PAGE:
BioVerbeek, Velden, The Netherlands

 
 
 

I visited this farm just before I left Europe last year. I only had one day to visit, had to take several hours of buses to get there and it was another few miles walk before I arrived at the gate. I saw many glass house farms as I meandered along the road. Some were empty and in between crops while others seemed to be bursting at the seams with lush and verdant growth.

 
 
 
 

The appointment at BioVerbeek was a little bit difficult to negotiate. They don’t often invite people to come, never the less once I arrived Jac treated me very warmly and we got right down to business. We had to dress in full Tyvek suits, hair nets, sanitize our shoes and wear booties before we could enter the houses. These measures are to try to limit infection or infestation. As we entered the first house, the size of the structure was overwhelming. The heat and the moisture in the air made me feel like I was walking into a warm summer day though it was October.

 
 
 
 
Jac told me that there are more than 10k hectares under glass production in The Netherlands. Around half of that space is dedicated to flowers and of the 5k left for vegetable production, only 0.5% is Organic. Jac started BioVerbeek in 1978 as a conventional glass house farm. His brother Leo joined him a year later and they spent the next 16 years building their business. In 1994 the last brother, Fons joined the team. Fons wanted the farm to transition to Organic and convinced his brothers that it was the right decision both financially and morally. They started their transition that year and have never looked back. Now, at 10 hectares, it is one of the largest Organic glass house farms in The Netherlands.
 
 
 
 
They currently grow 4 varieties of tomatoes, both cherry and cocktail, 1 variety of cucumbers and 2 of bell peppers. They also trial several new varieties per year for possible future production. All of the plants are grown in ground according to EU Organic standards. Most conventional glasshouse vegetable production is done in substrate rather than soil because it is easier to control. BioVerbeek has come up with an incredible system that allows them to grow in soil successfully. They make their own compost from local cow and horse manure mixed with their own vegetable scraps which is spread on the beds 3 times per year. They also brew a compost tea that gets fed through the drip irrigation system.
 
 
 
 

They nurture an incredible population of beneficial insects within the houses for pollination and pest control. Bumble bee boxes are used for pollination and there are 6 species maintained, through nurture and release, just to control aphids. There are many more that help them to control spider mites, thrips, white fly, fungus gnats and various other pests. The soil is “steam cleaned” every 2 years to keep the root knot nematode population under control.

 
 
 
 

The biome created within these enormous structures is impressive. Because each house has its own delicate balance, we had to change into a new suit before entering the next one on the tour. Workers are assigned to one house and its adjoining packing house and do not enter the others to avoid cross contamination. The produce ships out all over Europe, mostly to Germany, Finland and the UK. If they have a real glut, like they did with peppers last year, the excess will also ship to the US.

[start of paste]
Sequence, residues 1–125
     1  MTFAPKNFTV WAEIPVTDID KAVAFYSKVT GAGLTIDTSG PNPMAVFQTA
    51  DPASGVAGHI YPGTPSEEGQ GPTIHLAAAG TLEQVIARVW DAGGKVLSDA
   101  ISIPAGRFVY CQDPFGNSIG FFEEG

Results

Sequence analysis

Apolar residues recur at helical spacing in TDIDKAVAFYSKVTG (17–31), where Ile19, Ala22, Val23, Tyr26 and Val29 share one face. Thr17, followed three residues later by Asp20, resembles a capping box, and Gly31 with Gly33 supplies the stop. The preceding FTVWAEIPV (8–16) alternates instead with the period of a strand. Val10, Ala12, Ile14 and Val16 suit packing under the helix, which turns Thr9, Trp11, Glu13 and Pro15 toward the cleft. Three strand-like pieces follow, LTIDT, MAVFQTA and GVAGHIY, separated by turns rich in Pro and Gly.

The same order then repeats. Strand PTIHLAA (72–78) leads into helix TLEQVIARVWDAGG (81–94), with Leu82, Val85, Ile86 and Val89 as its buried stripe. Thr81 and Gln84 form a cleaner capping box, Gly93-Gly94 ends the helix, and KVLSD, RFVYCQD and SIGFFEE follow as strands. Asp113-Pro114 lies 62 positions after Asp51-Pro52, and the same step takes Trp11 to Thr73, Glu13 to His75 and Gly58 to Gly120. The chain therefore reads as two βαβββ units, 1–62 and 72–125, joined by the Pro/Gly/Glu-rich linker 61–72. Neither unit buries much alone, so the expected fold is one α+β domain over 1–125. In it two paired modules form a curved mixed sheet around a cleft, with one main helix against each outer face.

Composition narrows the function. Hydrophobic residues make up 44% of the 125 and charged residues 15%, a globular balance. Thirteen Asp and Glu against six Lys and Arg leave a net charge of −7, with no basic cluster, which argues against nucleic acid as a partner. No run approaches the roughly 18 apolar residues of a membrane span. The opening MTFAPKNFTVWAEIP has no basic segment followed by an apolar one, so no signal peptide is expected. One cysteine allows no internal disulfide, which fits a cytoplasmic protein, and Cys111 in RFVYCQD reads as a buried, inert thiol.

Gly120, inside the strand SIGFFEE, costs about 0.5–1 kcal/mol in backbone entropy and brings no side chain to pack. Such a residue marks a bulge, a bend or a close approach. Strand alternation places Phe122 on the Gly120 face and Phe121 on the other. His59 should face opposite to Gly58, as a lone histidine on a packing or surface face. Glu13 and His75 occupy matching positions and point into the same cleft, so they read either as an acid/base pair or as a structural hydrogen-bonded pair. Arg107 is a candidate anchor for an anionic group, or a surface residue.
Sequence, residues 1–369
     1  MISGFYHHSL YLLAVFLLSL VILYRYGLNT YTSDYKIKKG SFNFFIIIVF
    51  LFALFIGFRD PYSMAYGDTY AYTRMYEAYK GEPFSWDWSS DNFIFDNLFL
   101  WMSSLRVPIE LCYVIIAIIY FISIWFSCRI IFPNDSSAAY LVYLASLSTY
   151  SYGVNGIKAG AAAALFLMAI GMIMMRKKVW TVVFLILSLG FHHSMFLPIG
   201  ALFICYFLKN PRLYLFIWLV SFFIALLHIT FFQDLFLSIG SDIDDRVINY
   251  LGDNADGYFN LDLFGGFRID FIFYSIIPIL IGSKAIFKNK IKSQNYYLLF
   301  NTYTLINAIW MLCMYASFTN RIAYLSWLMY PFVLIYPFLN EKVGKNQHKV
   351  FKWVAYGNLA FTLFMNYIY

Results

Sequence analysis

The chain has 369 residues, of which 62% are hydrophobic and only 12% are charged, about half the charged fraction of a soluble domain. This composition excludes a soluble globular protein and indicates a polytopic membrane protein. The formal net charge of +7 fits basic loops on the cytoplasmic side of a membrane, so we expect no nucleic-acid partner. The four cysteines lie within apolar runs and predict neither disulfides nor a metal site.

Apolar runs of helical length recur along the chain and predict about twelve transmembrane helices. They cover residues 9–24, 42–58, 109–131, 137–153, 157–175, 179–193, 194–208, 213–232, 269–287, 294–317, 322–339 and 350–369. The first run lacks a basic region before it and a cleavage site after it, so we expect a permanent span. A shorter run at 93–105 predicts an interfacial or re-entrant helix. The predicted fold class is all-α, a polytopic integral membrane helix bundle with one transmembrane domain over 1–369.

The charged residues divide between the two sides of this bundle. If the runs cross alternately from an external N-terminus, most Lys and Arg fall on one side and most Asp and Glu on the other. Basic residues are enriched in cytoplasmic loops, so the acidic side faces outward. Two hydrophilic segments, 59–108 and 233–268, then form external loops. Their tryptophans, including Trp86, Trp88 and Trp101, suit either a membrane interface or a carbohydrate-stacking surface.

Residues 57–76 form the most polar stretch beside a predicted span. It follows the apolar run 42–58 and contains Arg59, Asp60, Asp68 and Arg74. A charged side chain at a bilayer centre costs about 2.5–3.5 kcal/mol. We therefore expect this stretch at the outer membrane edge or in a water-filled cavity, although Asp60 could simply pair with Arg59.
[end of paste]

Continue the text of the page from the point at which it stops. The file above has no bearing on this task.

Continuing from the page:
All of the houses are planted in January and the crops are harvested until the end of November. The soil is then stripped of all plant material, they go over the soil with a flame weeder, clean out the irrigation system and make any repairs that are needed before rotating the crops and planting again.

 
 
 
 

The heating system that powers these behemoth houses is also extraordinary. Gas powered generators are used to create electricity, some of which is used in day to day operation and the excess of which is sold back to the grid. Heat, one of the byproducts, is collected with water and pumped throughout the houses to maintain optimal growing temperatures. During the day, when the houses are collecting passive solar heat, the water is held in 20k gallon tanks that reach 95 ℃ (203℉) before the sun sets. That water will be cycled through pipes to heat the house for most of the night. CO2 is also produced during the generators combustion, it is filtered from the rest of the exhaust, collected and pumped through the houses to promote green growth. Tomatoes vines easily reach 10 meters in length each season and the pepper plants I saw were more than 5 meters tall!

 
 
 
 

The last bits of impressive automation were the tracks that ran down the center of each bed. There are small cars designed to be ridden to harvest, spread compost, perform pruning and plant trellising and operate flame weeders. Each type of car is stored in the front of each house.

 
 
 
 

My short visit to BioVerbeek was illuminating. Both the automation in use, and the biome they have created within these houses is remarkable. I spent most of the 2 hour tour slack jaw at what I was seeing, and most of the trip back suspended in that awe.

For more info please visit the BioVerbeek website; http://www.bioverbeek.nl/

 

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